This Socratic maxim is carved into the stone of the entrance to the Temple of Apollo, and it represents a philosophical quest that has challenged all of humanity since consciousness. The quest to know thyself — to understand who we are and why we are — is the greatest point in the state of being human which one can achieve. What good is having all the answers, all the money, all the success, if we don’t know who we are? If we don’t have an understanding of our true selves?
I’ve been spending a lot of time thinking about this quest because I’ve come to realize lately that I don’t really know myself. Of course, I can recite my Notre Dame introduction without a thought, or my response to the inescapable first question in every interview (“Tell me about yourself”). But when asked something far beyond that — something that goes deeper than this surface level, label-centric layer of myself — I’ve found that my mind goes blank.
How sad is that?
I think I — and probably a good amount of people — have begun to lose sight of who I am beyond the facets of myself which affect the way others perceive me. By “others,” I might mean my peers, recruiters, professors, interviewers, strangers, random people on social media or anyone outside of myself. My perception of who I am, I’ve come to realize, has been shaped for far too long by how I think others see me. Instead of asking myself these beyond-the-surface questions like what makes me happy or what makes me feel most alive or what I’m proud of myself for, I spend so much time berating myself with thoughts like:
“Why don’t I look like that?” “Why am I not smart enough?” “Why am I not good enough?” “Why am I not cool enough?” “Why am I not outgoing enough?”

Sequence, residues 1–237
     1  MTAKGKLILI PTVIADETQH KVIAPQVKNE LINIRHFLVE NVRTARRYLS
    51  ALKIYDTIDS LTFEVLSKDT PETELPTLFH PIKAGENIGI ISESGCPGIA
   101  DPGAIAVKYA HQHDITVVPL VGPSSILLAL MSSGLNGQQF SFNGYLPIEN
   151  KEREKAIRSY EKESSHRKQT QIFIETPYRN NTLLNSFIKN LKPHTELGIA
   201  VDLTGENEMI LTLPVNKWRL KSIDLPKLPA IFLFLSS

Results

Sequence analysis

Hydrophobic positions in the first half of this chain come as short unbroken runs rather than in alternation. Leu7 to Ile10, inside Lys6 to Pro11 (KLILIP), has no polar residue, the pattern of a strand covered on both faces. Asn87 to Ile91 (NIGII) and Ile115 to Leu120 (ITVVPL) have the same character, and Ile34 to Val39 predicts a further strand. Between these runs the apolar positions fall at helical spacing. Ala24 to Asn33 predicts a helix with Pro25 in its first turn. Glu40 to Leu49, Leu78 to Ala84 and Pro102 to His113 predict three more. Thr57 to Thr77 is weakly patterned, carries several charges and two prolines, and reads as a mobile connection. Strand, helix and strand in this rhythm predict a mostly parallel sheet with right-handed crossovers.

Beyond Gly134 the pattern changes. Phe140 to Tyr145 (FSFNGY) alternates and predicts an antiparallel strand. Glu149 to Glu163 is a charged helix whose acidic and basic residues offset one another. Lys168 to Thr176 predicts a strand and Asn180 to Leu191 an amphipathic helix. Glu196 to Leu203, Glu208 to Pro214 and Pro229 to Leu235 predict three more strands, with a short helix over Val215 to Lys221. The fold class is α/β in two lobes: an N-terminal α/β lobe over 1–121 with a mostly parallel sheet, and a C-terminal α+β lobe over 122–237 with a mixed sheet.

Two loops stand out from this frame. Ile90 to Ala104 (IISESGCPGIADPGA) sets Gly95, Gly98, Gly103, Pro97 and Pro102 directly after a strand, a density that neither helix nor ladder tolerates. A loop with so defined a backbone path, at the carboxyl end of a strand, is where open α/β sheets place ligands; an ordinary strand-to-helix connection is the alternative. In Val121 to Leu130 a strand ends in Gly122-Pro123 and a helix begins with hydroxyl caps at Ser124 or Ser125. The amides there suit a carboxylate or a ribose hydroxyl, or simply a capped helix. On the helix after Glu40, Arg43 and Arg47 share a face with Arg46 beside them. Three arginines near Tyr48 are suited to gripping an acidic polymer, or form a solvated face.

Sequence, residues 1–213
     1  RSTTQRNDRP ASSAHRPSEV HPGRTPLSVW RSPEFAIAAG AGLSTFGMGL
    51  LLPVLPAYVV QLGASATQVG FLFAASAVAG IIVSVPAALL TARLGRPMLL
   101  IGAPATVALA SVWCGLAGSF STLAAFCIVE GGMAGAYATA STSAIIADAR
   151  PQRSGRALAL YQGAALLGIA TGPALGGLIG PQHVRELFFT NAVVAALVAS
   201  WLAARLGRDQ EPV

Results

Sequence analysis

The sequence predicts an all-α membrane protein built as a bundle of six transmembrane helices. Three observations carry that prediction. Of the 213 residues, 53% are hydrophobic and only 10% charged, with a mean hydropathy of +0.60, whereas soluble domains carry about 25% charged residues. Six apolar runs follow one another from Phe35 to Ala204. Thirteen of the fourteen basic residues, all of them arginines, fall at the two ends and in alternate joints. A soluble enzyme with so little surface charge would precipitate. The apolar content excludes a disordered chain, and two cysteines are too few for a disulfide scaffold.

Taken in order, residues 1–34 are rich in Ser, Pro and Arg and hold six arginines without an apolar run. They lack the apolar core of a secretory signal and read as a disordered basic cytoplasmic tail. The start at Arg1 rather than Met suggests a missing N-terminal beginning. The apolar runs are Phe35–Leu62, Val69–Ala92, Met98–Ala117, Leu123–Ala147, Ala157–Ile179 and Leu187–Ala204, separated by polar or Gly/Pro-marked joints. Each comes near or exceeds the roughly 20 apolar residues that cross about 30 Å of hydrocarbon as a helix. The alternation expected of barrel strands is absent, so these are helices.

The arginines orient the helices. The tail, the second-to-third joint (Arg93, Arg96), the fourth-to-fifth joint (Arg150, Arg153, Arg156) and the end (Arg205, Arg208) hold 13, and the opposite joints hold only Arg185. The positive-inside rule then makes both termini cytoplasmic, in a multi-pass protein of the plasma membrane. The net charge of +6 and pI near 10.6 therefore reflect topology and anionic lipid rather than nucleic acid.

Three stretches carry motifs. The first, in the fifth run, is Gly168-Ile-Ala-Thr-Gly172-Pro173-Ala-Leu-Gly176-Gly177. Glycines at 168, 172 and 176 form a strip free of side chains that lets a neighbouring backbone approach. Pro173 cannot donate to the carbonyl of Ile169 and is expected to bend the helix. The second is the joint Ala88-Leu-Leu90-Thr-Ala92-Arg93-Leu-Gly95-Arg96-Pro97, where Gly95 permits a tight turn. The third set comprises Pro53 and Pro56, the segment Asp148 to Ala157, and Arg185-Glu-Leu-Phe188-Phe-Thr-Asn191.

I don’t totally blame myself for this, either. In a campus filled with incredibly talented, intelligent, superbly ambitious students chasing one accomplishment after the next, in a society inundated with platforms solely concerned with outward perceptions, in a world where achievement is the way to a good life — it’s easy to lose ourselves sometimes.
To realize that I don’t really know myself is scary. But maybe it’s not horrible. Perhaps to not know myself means that this concept of “self” isn’t static, and it’s not permanent. There’s a certain freedom in this realization. Tomorrow, I can wake up and decide to dye my hair if I wished to, start listening to a new genre of music, take a new path from my dorm to class, introduce myself to someone I don’t know. I’m beginning to realize (finally, two whole decades into life) that how I see myself is more important than this idea of Meg that exists in other people’s minds.
Maybe I don’t know myself, and maybe I never will. Perhaps nobody really knows themselves. Maybe “thyself” is not someone to know, but someone whom I should allow to live a full life not completely shackled by fear of how others perceive me. I don’t totally know myself, but I’m beginning to learn to like myself a little more.
Knowing thyself is hard. Maybe liking thyself is enough.
You can contact Megumi at firstname.lastname@example.org.
The views expressed in this Inside Column are those of the author and not necessarily those of The Observer.